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Global Food Insecurity Has a Common Solution

Crop fields Nigeria
Food insecurity is outlawed by international rule of law. The Universal Declaration of Human Rights was adopted by the United Nations General Assembly in Paris on December 10, 1948, as a minimum standard of treatment and quality of life for all people in all nations. Article 25, section 1 of the declaration states: “Everyone has the right to a standard of living adequate for the health and well-being of himself and of his family, including food.”

Causes of Food Insecurity

Often times, countries that are a part of the U.N. fall short on this promise to provide adequate nutritious food to everyone, including the United States of America. Malnutrition and food insecurity can be attributed to many causes worldwide, from political turmoil, environmental struggles and calamities, lack of financial resources and lack of infrastructure to distribute food equally within a country.

It is widely known that the poorest nations often lack the means or the will to sufficiently supply food to the people and their most vulnerable population, ethnic minority groups, women, and children often suffer the most.

In 2006, the Center for Disease Control reported that widespread media attention in 2005 brought global awareness to a food crisis in the West African country of Niger. According to the report, with a population of 11.5 million in 2002, 2.5 million people living in farming or grazing areas in Niger were vulnerable to food insecurity.

Food Supply Chains

In the United States, conventional food supply chains are used in the mass distribution of food. This method starts with produced raw goods. These products are transferred to distribution centers that may offload goods to wholesalers or sell them directly to food retailers, where these goods are finally purchased by consumers at grocery stores and markets. Food may travel long distances throughout this process, to be consumed by people who may have purchased comparable foods grown closer to home.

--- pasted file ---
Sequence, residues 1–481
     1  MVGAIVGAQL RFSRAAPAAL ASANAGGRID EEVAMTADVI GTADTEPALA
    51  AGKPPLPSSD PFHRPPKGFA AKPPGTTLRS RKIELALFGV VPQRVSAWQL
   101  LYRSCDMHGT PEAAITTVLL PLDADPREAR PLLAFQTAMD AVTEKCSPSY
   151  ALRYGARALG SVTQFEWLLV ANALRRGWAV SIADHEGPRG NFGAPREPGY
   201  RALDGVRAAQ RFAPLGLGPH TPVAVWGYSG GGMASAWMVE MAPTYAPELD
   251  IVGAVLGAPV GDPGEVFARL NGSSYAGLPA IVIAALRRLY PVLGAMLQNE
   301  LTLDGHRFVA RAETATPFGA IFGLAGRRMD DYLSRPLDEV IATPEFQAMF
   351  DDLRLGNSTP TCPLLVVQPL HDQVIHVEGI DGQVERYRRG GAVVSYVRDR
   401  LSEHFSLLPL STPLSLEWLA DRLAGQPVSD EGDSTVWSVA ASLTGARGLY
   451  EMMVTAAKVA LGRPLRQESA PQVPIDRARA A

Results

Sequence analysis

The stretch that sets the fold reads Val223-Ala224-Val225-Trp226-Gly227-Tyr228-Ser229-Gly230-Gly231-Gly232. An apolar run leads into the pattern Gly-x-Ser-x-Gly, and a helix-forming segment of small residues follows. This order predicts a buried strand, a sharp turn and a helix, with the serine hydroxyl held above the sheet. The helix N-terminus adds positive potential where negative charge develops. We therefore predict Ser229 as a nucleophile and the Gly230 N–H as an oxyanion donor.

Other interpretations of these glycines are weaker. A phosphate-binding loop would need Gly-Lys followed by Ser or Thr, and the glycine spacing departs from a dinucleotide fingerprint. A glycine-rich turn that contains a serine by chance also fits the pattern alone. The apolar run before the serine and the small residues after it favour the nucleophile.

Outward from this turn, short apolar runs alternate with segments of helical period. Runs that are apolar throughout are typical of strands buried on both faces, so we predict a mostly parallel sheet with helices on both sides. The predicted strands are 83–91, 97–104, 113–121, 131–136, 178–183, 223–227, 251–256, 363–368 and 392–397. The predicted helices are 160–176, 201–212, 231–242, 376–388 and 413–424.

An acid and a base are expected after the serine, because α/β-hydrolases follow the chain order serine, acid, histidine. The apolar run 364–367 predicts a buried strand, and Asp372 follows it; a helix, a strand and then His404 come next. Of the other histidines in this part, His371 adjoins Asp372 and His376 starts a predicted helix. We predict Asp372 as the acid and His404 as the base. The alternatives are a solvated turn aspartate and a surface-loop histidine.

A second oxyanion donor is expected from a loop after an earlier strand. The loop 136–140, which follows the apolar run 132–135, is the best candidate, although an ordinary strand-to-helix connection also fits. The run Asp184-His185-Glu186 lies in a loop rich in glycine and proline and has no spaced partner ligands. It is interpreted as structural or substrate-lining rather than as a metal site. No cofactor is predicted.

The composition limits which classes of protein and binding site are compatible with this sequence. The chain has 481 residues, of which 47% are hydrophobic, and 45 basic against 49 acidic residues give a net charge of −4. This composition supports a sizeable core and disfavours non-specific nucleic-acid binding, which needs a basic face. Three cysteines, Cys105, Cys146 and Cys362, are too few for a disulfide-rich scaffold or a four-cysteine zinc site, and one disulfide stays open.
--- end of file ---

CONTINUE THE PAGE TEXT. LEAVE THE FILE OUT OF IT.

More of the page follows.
In her article entitled Food Distribution in America, Monica Johnson writes, “With each step added between the farm and the consumer, money is taken away from the farmer. Typically, farmers are paid 20 cents on the dollar. So even if the small-scale or medium sized farmer is able to work with big food distributors, they are typically not paid enough to survive.”

Hunts Food Distribution Center is one of the largest food distributors in the United States with over $2 billion in annual sales. According to the New York Economic Development Commission, it sits on 329 acres of land in the Bronx, New York and supplies over 50 percent of food consumed by people in the area, and also supplies food to about 20 percent of people in the region. Still, the Food Bank of New York City reported a meal gap of 242 million in 2014 and food insecurity of 22.3 percent, with 399,000 of people affected being children.

Solution to the Problem

About 13 years after the Niger food crisis the country is still one of the poorest in the world. The World Food Program (WFP), headquartered in Rome, Italy, continues to focus on fixing the problem of food insecurity in countries like Niger. Through helping those like Nigeriens build sustainable livelihoods and ecosystems for crop cultivation, the WFP hopes to lessen the high levels of food insecurity and issues related to it, such as malnutrition and high mortality rates among children under the age of 5.

Assisting locals to manage sustainable local food resources through soil conservation, water harvesting, rehabilitating irrigation systems and reducing the loss of biodiversity among other efforts, the organization focuses on local measures to solve food insecurity issues.

The same is happening in the United States. The country plans to upgrade agricultural facilities and operations, a plan that includes working with other food distributors at the state level to increase integration with upstate and regional food distributors, supporting local farms, and providing growth opportunities for emerging regional food distribution models.

Food insecurity is a big problem in developing, but in developed countries as well. Countries need to make sure to promote local agriculture development in order to achieve food production that will suffice each country needs.

– Matrinna Woods

Photo: Flickr